When the Baath party came to power in 1963, Kurds endured the consequences of the nationalist agenda, which included a full-fledged Arabisation policy. This reportedly included deportation, prohibition of the Kurdish language, and the denial of Syrian citizenship, among other measures.

While the Kurds were vocal participants in the campaign against Bashar al-Assad in the early days of the protests, over the course of the past five years there has been much speculation over whose side the Kurds are fighting on in the Syrian war.Without a doubt, the Syrian Kurds are keen to emulate their brethren in Iraq by establishing an officially recognised autonomous zone. But the dynamics at play are very different.

Some have surmised that Syrian Kurds have adopted a more pragmatic stance, and reached an agreement with Assad: to fight ISIL in exchange for the measure of autonomy they achieved in 2013. Syrian Kurdish sources, however, insist they are fighting Assad forces, as well as ISIL.As Semo is quick to point out, the Syrian Kurdish People’s Protection Units (YPG) are currently engaged in a battle with Syrian government troops in Qamishli “to ensure as many Kurdish areas as possible are liberated from the grip of the Assad regime”.

Without a doubt, the Syrian Kurds are keen to emulate their brethren in Iraq by establishing an officially recognised autonomous zone. But the dynamics at play are very different.

“I don’t see the declaration as a flash in the pan,” said Shwan Zulal, a Kurdish affairs analyst. “The PYD and YPG will not relinquish their territorial gains without a fierce fight – only if Turkey and Assad worked together could they push them out. And that doesn’t seem likely.”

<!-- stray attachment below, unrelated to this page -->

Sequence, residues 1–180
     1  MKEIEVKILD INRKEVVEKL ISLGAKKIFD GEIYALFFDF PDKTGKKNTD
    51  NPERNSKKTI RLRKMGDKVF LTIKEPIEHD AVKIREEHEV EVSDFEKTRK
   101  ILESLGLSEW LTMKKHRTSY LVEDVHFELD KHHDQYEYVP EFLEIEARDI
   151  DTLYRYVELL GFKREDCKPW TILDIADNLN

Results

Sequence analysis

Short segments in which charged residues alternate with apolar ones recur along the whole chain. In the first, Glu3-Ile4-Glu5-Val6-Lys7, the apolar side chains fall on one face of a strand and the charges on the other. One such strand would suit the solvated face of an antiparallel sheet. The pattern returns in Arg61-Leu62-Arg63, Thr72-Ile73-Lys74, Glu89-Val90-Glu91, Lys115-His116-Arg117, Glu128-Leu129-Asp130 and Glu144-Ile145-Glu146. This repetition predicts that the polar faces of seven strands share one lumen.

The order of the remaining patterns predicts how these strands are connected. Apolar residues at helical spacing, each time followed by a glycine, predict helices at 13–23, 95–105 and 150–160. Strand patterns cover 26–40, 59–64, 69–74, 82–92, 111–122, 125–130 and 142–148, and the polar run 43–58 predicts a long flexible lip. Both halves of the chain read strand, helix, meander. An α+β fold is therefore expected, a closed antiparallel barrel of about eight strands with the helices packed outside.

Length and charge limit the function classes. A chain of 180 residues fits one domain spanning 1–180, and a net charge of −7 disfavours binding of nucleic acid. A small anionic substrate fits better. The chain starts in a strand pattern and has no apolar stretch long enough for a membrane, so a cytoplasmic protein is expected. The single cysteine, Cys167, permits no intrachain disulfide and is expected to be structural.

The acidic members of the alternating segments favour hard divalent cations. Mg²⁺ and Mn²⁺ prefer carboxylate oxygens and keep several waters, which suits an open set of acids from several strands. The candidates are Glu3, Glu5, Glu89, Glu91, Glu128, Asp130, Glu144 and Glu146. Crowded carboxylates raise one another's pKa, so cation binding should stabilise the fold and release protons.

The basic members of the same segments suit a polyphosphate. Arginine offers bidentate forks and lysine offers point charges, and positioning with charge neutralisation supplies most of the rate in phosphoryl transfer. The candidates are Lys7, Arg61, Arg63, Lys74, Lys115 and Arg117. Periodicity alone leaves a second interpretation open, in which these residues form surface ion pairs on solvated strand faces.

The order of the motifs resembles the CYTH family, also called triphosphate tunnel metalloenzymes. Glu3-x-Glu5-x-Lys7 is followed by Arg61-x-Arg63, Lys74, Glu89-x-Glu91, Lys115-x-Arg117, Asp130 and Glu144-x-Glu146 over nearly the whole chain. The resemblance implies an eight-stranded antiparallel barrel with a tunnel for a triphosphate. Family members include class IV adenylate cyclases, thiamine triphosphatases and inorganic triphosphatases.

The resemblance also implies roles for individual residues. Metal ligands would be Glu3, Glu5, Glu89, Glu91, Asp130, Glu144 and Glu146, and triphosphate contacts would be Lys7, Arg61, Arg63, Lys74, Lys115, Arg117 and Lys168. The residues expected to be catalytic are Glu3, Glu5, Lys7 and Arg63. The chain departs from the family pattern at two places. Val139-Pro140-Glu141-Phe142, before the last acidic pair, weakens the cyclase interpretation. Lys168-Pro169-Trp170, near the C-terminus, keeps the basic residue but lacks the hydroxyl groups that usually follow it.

If this latest Syrian Kurdish attempt to edge closer toward the dream of independence will be met with enthusiastic support from the Kurdish street across the Middle East, it is not guaranteed to receive any official backing from Iraq’s Kurdistan Regional Government (KRG).

The spokesman of the opposition Iraqi Kurdish Gorran party, Shoresh Haji, told Al Jazeera that while he couldn’t speak on behalf of all Kurds, he would say that “the Kurds here [the Kurdistan Region of Iraq] are very supportive and sympathetic to their brothers and sisters in Rojava, and they will back their wishes”.”I think it will play out more along partisan lines,” he said, explaining that local political parties will voice support for the sake of popular support.

“The Patriotic Union of Kurdistan [PUK] will be more openly supportive of the move, while the Kurdistan Democratic Party [KDP] will be shy about openly supporting the PYD’s ambitions due to their relationship with Turkey.”

Indeed, the KRG has largely survived on the good graces of the US and Turkey. And if the US and Turkey are less than thrilled with unilateral Syrian Kurdish statements about autonomy, the KRG is not likely to endorse them either. Syrian Kurds, after all, share closer ties – both ideological and kinship – with their brethren in Turkey than those in Iraq.

The Americans have already voiced their opposition to a federal Kurdish region in Syria, apparently pre-empting an actual declaration. The US State Department issued a statement on Wednesday affirming they would not support “any” self-ruled, semi-autonomous zone in Syria.

Although Washington has been supportive and even indispensable to the measure of independence Kurds have achieved in neighbouring Iraq since 1991, the Americans would have fierce reservations over allowing the formation of an independent Kurdish “statelet” bordering its ally, Turkey.

Follow Tanya Goudsouzian on Twitter: @tgoudsouzian

Follow Lara Fatah on Twitter: @Lara_FFatahSource: Al Jazeera